The “Bull Moose Democrats” Will Allow For Trump’s 2020 Re-Election
Because it is very possible that nobody running for President of the United States in 2020 is remotely close to as effective as Theodore Roosevelt or Woodrow Wilson were as politicians, America — a country likely to contest an election with three or four electable and popularly supported candidates — is in real trouble. Woodrow Wilson won a four-candidate race in 1912 with 41.8% of 16% of America’s total population hitting the polls. The idea that Donald Trump could do comparably the same numbers, percentage-wise, in 2020 and win in a country three and one-half times larger, population-wise? That’s truly concerning. Examining how we got here and what happens next is truly important.
Recent Gallup poll data notes that 39% of Americans polled see themselves as independents, while 34% view themselves as Democrats and 25% as Republicans. Thus, this can be extrapolated to mean that, for the first time in 108 years, it’s entirely likely that third-party candidate for President that will out-poll the party-nominated incumbent — one from the Democratic side of the two-party system — will emerge. Therefore, it’s probably wise to examine Teddy Roosevelt’s run with the “Bull Moose party” and gain a sense of the conditions that predate 2020’s likely collapse of American democracy.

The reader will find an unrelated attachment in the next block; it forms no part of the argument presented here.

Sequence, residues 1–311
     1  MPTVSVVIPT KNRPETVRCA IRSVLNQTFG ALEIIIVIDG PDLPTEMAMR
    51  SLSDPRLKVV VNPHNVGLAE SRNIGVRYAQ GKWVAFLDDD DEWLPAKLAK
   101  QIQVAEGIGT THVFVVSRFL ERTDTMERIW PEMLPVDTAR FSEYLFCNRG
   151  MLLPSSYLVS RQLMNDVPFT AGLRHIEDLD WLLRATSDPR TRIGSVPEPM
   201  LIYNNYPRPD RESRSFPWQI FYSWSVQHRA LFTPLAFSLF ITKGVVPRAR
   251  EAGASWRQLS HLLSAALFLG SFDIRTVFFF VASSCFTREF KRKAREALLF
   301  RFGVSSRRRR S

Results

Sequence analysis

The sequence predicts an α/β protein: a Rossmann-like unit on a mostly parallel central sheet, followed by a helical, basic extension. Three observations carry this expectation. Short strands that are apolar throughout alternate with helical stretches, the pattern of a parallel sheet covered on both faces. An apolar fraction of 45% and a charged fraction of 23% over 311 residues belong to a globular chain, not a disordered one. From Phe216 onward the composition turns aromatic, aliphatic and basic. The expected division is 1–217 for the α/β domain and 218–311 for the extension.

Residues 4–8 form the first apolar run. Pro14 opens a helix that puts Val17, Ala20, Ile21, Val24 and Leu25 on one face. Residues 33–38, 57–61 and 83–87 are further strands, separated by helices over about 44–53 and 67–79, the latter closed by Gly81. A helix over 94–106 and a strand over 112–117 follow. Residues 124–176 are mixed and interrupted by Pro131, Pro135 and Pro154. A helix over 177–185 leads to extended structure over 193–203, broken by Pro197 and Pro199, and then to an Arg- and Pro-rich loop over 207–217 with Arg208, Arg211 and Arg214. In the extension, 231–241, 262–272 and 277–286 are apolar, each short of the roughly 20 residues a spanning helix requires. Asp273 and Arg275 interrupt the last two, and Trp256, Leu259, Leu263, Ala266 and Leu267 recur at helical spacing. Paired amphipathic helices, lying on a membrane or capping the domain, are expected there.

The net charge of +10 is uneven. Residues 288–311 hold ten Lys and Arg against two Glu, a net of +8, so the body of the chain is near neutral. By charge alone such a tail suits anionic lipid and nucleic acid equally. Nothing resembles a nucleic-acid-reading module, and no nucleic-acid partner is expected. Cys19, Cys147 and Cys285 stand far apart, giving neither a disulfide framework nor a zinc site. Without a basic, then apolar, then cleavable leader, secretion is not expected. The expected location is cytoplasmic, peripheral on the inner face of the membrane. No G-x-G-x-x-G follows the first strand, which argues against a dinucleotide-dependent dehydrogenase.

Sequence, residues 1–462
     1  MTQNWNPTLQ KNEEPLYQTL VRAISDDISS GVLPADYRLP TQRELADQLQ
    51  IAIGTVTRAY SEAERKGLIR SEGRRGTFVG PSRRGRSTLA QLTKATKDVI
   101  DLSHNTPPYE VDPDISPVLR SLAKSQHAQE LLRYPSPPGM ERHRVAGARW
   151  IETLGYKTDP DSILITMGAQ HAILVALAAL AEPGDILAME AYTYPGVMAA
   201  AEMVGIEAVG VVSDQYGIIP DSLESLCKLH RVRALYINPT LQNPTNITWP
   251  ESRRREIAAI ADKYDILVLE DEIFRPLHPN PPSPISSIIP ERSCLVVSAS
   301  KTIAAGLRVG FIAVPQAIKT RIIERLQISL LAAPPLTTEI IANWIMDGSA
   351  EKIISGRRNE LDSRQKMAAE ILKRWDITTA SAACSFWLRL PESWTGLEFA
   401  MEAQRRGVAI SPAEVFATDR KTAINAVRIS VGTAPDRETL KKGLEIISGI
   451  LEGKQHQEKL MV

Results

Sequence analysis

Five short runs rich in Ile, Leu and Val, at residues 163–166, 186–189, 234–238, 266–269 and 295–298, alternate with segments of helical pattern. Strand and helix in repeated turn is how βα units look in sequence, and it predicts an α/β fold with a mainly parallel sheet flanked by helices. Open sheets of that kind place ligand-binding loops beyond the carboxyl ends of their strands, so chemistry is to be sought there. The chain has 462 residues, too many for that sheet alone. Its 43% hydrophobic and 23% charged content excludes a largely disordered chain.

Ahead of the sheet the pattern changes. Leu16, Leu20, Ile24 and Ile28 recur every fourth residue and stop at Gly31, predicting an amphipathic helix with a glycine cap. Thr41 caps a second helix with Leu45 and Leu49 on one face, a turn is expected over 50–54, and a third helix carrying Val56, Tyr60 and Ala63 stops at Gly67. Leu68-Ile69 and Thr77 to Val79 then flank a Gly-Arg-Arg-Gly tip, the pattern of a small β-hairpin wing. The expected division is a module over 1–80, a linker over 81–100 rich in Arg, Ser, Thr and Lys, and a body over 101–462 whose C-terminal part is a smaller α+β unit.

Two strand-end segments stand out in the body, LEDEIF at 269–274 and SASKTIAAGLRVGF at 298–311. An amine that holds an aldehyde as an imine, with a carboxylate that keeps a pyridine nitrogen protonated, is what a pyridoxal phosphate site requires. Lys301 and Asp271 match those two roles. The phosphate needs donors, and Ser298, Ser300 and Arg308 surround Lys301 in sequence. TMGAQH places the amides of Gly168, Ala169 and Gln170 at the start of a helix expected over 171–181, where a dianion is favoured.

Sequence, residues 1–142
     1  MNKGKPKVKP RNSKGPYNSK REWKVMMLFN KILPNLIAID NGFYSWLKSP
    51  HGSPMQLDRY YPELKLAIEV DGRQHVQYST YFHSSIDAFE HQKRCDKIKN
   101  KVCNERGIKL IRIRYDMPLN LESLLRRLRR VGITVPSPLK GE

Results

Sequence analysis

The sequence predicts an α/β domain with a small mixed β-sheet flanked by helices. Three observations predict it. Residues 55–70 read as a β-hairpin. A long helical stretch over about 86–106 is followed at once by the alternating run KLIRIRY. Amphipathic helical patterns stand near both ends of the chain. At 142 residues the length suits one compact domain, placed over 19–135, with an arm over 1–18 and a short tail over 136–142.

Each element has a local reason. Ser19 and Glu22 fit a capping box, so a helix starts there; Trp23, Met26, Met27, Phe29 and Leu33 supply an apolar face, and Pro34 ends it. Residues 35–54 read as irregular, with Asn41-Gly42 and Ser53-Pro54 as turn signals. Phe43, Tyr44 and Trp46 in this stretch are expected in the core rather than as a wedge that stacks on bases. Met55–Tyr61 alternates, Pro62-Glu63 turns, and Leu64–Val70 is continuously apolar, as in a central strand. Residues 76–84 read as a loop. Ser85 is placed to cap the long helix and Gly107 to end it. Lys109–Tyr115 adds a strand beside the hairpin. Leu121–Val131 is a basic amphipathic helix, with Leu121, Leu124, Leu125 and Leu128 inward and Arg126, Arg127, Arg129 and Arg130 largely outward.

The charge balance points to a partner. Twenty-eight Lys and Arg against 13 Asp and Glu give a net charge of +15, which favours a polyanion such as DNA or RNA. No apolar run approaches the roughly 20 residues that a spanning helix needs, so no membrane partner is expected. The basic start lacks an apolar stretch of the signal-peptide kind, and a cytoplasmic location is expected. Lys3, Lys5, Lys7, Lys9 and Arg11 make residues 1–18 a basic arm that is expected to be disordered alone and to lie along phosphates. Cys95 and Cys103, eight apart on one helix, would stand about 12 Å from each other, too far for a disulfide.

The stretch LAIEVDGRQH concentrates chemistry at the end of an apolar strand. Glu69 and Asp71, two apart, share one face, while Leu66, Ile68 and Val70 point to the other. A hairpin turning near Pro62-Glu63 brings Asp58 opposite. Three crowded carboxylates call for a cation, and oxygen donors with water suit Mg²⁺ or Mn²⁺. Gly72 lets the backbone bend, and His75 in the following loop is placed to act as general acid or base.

Former Starbucks CEO Howard Schultz has emerged as the first of what will be many third-party contenders. In a manner similar to 1912, 2020’s forthcoming fracture in the Democratic party will likely splinter three ways. As a reminder, The “Bull Moose party” emerged because of a three-way split in the Republican party between staunchly conservative Republican incumbent William Howard Taft, anti-corruption and anti-corporate Wisconsin progressive Robert LaFollette, and former Republican President Theodore Roosevelt, the man who would become the “Bull Moose” candidate.
Similarly, 2020 will see the Democrats as a party led by Joe Biden, a man who, aside from serving as Barack Obama’s Vice President for two terms, twice failed to secure the Democratic Presidential nomination, but also had 35 years of service to the party as a Senator representing the state of Delaware. As well, there’s the impact of Kamala Harris, Tulsi Gabbard, Elizabeth Warren, and Kirsten Gillibrand, who as a quartet, represent a level of female candidacy for President that, in the century since women’s suffrage became law via the 19th Amendment to the United States Consitution, are seen as plausibly electable by a minimum of millions of American citizens. Then, there are billionaires like the businessman, politician, author, and philanthropist Michael Bloomberg and the aforementioned Howard Schultz, who, regardless of public opinion, have the financial acumen to shift the conversation by sheer force of expenditure.